What happens when we say, help me? We acknowledge that we are servants of a higher power. That is not an idea many of us are comfortable with, exactly. After all, we have free will! We can do what we want! We make choices! We are our own selves! Of course, but so often, in our rush to affirm our independence, we find ourselves wracked with doubt, placing too much authority on ourselves. Asserting our free will, we cannot understand why we are unable to bend others to out understanding of the world, why we cannot control for outcomes. But what happens when we affirm our covenant with the Divine, the wisdom of our people? What happens when we acknowledge that we are part of something greater—a community that loves us, a past that nourishes us, a future that we cannot yet see but to which we are beholden? What happens when we are able to, as the Psalmist wrote, serve God with JOY: IVDU ET ADONAI BSIMCHA? To be patient with ourselves, to forgive ourselves for not single-handedly fixing everything we see. To wake up and say: I know I have responsibilities in this world—to myself, my family and friends, my community and beyond. I know my responsibilities sometimes seem overwhelming and sometimes contradictory, as each aspect of my life pulls me in a different direction. And I know I only have so much time, and energy, and capability, and sometimes the right choice will evade me, or will evade the people I interact with. I cannot control others’ choices; I can only do my part. Let it be enough. Let me be enough. Help me, help me, help me.

Thank you, thank you, thank you. What would it mean to say those words at the end of the day. Certainly, as we’ve just reflected, not everything in our days will go well. Indeed, there will be plenty of challenges each day; our pandemic has proven that. In fact, our first instinct might be to curse the day at the very end, reflecting on all that went wrong, every mistake we made, every injury thrown our way, no matter how petty or small. And certainly, our daily news reports remind us of all the myriad ways our world is spinning off into the void. And let us be clear, those anxieties are true, about our discourse, our climate, our friends who are most vulnerable to bigotry and hatred. And yet, what good does that do to us? How can we be of service to others and ourselves, to God and this world, if we spend our time cursing away, unable to rest our bodies or our minds?  We must pause to remember the good we do and that others do. Not to paper over the myriad problems we face. Not to pretend all is well. As the prophet Jeremiah warned us, beware those who go about saying ‘all is well’ when nothing is well! No, we remind ourselves so that we have the strength to do what needs doing. That is the simcha, the joy that comes from ivdu et adonai b’simcha, serve Adonai with joy. Rejoice in the acts of service we were able to accomplish for other people. Rejoice in the acts of service people do for others—and us. Lay our heads down in gratitude for what did go right, for those who did right, knowing that our gratitude fills our hearts with generosity toward others in action and spirit, and allowing us to truly be in service to others.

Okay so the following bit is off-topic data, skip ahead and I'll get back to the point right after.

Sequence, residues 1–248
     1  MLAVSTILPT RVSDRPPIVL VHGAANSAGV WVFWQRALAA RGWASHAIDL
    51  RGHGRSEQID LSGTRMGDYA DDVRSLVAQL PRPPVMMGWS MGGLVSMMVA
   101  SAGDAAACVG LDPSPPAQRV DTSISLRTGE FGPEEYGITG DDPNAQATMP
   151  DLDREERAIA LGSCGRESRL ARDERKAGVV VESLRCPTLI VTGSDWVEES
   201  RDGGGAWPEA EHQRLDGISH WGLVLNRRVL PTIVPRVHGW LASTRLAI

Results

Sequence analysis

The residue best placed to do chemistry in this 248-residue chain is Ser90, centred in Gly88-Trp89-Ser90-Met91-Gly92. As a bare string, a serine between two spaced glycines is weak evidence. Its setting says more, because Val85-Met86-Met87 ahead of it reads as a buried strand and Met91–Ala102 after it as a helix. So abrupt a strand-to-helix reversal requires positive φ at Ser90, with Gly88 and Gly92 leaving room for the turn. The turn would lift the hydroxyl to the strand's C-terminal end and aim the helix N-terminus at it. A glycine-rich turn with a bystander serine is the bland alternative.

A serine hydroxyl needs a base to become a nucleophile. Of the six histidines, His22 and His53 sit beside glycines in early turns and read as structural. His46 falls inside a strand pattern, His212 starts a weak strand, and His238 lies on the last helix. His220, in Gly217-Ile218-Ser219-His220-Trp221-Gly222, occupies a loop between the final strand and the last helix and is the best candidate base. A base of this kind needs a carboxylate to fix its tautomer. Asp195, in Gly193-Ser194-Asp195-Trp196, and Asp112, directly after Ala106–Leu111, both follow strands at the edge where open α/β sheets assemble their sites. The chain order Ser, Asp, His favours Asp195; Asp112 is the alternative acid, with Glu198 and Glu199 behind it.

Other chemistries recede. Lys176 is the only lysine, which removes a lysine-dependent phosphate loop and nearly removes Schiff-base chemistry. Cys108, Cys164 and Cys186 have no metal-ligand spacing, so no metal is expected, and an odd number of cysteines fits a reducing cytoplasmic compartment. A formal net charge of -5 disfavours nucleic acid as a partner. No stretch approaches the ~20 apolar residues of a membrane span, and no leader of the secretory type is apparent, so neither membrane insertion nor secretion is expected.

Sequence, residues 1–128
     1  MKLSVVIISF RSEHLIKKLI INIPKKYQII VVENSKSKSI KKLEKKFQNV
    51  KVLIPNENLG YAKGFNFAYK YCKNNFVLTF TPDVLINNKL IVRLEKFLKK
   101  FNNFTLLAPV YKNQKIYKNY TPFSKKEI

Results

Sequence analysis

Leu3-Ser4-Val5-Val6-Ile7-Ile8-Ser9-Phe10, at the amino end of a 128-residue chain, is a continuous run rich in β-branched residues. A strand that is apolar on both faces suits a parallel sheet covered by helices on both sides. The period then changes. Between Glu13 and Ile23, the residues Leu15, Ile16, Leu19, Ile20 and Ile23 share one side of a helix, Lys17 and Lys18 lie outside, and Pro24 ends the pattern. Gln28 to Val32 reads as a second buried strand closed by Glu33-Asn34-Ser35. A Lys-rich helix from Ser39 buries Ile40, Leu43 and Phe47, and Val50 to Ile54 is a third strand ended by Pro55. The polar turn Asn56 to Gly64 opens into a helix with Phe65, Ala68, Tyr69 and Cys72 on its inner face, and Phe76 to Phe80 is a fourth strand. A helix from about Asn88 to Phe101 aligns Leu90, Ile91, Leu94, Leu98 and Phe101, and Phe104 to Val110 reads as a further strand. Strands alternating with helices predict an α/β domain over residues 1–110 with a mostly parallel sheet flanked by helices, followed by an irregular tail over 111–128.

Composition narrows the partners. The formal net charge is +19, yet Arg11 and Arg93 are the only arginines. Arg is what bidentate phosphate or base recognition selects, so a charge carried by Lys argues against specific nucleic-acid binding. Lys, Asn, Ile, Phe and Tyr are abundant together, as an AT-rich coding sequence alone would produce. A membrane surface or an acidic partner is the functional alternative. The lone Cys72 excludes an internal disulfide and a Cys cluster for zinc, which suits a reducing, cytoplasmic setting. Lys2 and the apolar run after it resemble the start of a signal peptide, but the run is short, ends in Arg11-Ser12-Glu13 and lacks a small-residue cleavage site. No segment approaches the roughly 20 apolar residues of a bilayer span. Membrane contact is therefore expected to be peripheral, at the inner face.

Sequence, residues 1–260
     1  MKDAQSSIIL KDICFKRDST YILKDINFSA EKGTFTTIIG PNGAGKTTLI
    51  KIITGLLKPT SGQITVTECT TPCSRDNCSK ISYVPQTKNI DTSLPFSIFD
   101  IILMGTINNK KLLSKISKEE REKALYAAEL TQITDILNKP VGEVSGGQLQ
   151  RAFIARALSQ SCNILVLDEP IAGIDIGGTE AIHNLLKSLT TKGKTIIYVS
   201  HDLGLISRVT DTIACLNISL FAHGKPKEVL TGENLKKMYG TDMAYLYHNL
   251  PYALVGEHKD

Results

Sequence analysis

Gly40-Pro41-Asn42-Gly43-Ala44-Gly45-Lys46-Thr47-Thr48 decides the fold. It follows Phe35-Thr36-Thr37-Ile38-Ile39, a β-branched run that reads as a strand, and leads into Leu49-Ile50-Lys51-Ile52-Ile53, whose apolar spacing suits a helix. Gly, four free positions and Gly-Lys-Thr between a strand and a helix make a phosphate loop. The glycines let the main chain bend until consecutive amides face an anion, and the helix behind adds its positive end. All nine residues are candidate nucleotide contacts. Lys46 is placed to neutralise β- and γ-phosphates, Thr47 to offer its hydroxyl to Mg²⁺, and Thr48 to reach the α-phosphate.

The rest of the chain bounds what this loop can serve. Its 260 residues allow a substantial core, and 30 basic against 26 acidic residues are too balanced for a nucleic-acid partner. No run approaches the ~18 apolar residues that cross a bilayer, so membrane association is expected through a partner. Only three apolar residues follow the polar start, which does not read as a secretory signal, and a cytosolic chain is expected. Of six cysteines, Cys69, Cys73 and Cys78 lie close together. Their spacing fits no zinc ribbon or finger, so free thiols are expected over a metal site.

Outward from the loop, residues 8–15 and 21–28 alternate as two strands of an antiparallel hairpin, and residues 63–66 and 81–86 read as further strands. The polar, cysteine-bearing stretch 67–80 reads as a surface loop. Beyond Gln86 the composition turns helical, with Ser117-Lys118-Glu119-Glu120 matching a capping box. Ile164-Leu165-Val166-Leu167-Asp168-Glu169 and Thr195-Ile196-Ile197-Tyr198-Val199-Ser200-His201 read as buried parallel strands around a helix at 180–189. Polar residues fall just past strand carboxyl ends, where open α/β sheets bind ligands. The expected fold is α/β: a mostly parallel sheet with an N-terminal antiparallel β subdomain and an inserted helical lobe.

Help me, help me, help me. Thank you, thank you, thank you. Simple words of modesty and gratitude to begin and end each day, words that remind us of our power in the world and the limits of that power, words that hold us accountable, but also forgive us for our limitations. Many of us in this room are not the praying type; at least, that’s not the language that many of us use to describe ourselves. Even so, as our new year begins, as we reflect on who we are and how we can do differently, as we wonder what actions we could take to improve our own lives and the lives of others, consider what it would mean to begin each day and ending each day with those two prayers: Help me, Thank you. And through those words, may we, in fact, live up to our expectations of ourselves, helping others, and, in gratitude for what we have and who we are, be renewed in generosity